Avocado is a summer fruit, but when it’s 20-something degrees outside (like it was this entire past week), all our bodies are longing for sunshine. And guacamole, obviously.
In Texas, if you say you don’t like guacamole, people will look at you funny. People will think there’s something wrong with you, ’cause chances are… there might be. Guacamole is a universally liked appetizer, and we know we’re ordering it before we even sit down to eat. It’s easy to make, easy to eat, and it’s healthy. The best time to do this guacamole taste test would’ve been in the summer, but I couldn’t wait until then. It’s too far away.
Avocados are life-saving fruits, and they make the world a better place. That’s why I had to do some sleuthing. I had to find out where the best guac in Dallas is made.
B. Mi Cocina’s guacamole “Mexicano” – Dallas, TX
C. Wholly Guacamole – made in Saginaw, TX
D. El Fenix’s guacamole – Dallas, TX
E. Central Market’s guacamole – Dallas, TX
- “I feel like I could stop right here and be happy. The onions taste fresh. They really snap. Good flavor. Only complaint: texture suggests it was blended with an industrial mixer. I.e., it’s too creamy for my taste.”
- “Needs salt; too whipped.”
- “Just tastes like mashed avocado. Bland.”
- “Onions were a bit overwhelming.”
- “Now you’re talking more my texture. I like my guac like I like my ladies, a little lumpy. Actually, that’s not true, but I couldn’t think of something else that is good when it’s lumpy. Anyway, good texture, but it needs more supporting ingredients (tomatoes, onions, cilantro, etc.). “
- “Nice and chunky greatness. I think it’s Mi Cocina.”
- “Tasted this twice and still got nothing. Wait. Was blocked by A & C. I liked it. But kind of basic.”
- “A lot of red onion flavor.”
- “My favorite. Chunks of avocado. Could use a little kick, though.”
- “Slimy looking and tasting.”
- “What the hell is this? It’s just garlic and avocado paste. I hate this.”
- “It looks like baby food.”
- “Strong flavor. Maybe too strong? Like fake strong.”
- “Hello, lime! Nice, lumpy texture, too. If you put this in front of me, I would eat it. In fact, I DID eat it”
- “Good consistency.”
- “Super salty. No.”
- “Lots of lime.”
- “There’s an unidentified herbaceous thing going on here. It doesn’t agree with me at all. “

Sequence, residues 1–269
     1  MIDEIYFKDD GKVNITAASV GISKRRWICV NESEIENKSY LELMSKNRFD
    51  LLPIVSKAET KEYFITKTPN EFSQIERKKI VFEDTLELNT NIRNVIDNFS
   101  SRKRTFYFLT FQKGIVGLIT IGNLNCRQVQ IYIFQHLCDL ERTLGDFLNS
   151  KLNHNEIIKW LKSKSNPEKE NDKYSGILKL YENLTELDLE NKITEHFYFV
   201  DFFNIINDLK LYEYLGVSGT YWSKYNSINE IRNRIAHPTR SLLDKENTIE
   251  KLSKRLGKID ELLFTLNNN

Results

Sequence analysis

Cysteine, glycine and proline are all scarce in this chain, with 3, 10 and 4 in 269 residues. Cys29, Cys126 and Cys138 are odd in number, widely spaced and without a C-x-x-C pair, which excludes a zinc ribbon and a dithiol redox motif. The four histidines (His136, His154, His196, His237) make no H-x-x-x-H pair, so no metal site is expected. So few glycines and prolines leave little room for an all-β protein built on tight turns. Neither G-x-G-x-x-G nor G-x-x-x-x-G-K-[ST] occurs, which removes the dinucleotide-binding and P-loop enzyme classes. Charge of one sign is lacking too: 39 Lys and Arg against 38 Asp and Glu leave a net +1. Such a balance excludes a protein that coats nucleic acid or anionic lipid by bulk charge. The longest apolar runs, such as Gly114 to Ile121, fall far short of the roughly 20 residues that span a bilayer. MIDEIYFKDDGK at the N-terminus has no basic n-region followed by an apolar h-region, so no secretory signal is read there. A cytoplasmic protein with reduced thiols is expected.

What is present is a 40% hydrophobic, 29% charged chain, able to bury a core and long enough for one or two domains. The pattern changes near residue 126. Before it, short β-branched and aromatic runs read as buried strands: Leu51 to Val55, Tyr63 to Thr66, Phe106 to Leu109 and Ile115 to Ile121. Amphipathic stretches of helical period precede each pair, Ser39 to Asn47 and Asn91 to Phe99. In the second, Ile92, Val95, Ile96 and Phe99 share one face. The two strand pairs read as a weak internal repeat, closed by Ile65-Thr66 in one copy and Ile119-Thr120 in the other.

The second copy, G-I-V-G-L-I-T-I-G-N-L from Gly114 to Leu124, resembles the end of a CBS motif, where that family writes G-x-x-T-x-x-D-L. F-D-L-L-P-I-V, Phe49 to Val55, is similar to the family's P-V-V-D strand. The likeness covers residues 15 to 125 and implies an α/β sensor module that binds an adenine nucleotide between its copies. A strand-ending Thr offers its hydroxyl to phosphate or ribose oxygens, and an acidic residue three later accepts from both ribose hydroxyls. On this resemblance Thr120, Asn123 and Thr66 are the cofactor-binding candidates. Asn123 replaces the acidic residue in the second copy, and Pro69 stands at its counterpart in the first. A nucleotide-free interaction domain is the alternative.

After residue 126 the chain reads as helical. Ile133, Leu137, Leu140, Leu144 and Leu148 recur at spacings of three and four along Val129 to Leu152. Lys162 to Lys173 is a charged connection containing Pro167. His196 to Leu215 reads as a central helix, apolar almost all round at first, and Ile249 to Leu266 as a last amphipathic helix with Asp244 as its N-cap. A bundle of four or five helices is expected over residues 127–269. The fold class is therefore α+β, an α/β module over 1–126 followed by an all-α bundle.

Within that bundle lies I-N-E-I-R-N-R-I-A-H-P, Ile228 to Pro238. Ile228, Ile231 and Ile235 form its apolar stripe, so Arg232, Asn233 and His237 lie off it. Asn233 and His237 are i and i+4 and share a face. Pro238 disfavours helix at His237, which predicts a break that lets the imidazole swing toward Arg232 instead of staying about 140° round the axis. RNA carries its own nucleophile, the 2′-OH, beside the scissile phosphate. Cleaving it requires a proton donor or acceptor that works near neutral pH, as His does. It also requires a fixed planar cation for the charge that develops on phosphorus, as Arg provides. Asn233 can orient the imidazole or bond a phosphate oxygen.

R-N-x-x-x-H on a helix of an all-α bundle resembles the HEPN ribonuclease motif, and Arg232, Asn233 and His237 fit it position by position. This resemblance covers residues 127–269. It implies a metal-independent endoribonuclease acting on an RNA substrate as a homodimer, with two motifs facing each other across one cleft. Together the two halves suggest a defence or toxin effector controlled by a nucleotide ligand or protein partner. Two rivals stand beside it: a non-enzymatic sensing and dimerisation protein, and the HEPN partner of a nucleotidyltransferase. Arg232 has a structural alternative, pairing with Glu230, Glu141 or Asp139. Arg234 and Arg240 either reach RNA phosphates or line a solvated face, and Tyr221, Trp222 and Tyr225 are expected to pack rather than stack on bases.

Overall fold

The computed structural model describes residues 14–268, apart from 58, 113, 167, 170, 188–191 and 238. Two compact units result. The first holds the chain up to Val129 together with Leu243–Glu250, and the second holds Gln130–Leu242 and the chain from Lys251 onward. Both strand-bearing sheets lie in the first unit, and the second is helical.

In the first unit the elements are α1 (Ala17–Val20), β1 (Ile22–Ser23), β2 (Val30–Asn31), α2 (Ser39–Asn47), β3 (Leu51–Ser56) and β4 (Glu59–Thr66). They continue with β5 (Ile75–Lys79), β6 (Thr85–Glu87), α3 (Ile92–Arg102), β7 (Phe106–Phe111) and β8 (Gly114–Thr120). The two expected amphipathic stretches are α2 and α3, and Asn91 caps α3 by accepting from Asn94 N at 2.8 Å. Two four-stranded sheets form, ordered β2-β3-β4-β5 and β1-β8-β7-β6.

- “Yuck-a-doo. Sour, foul after taste.”
- “Unexpected kick, yeesh. Weird color.”
- “Looks like throw up, tastes like expired guacamole.”
- “Super freakin’ plain. All I taste is tomatoes. But does have some cayenne pepper or something.”
6 votes for (B) Mi Cocina
2 votes for (A) Rafa
2 votes for (D) El Fenix
The winner: Mi Cocina One person knew right-off-the-bat that (B) was Mi Cocina’s guacamole, and when I asked her why, she told me she’s eaten it so many times. I think the big chunks gave it away. It was obviously fresh-made, given the color and texture. It had cilantro and onions in it. Overall, it had the best pepper-to-lemon-to-onion balance, which is quite hard to achieve in a simple guacamole recipe.
The losers: Wholly Guacamole and Central Market Central Market’s always bringing its A-game, but not this time. Not for the guacamole. We ate from the guac carton the same day I bought it, but the label claims it was packed the previous day. Maybe CM should stop selling day-old guac? Just a thought. It was over cilantro-ed, and nothing about it tasted like it had been made from avocados. Nothing. Wholly Guacamole’s pureed, consistent texture made it look way too factory-made, and everyone noticed it right-off-the-bat. This one was over garlick-y, but it’s still a great dipping mechanism for parties. I’ve noticed it doesn’t go brown for several hours. It’s probably all that dehydrated stuff working its magic.
Most surprising part of the taste test: El Fenix’s chips. Those chips come fresh out of the fryer, hot, crispy, and crackly. They’re awesome. I wish I hadn’t scarfed them all down so quickly.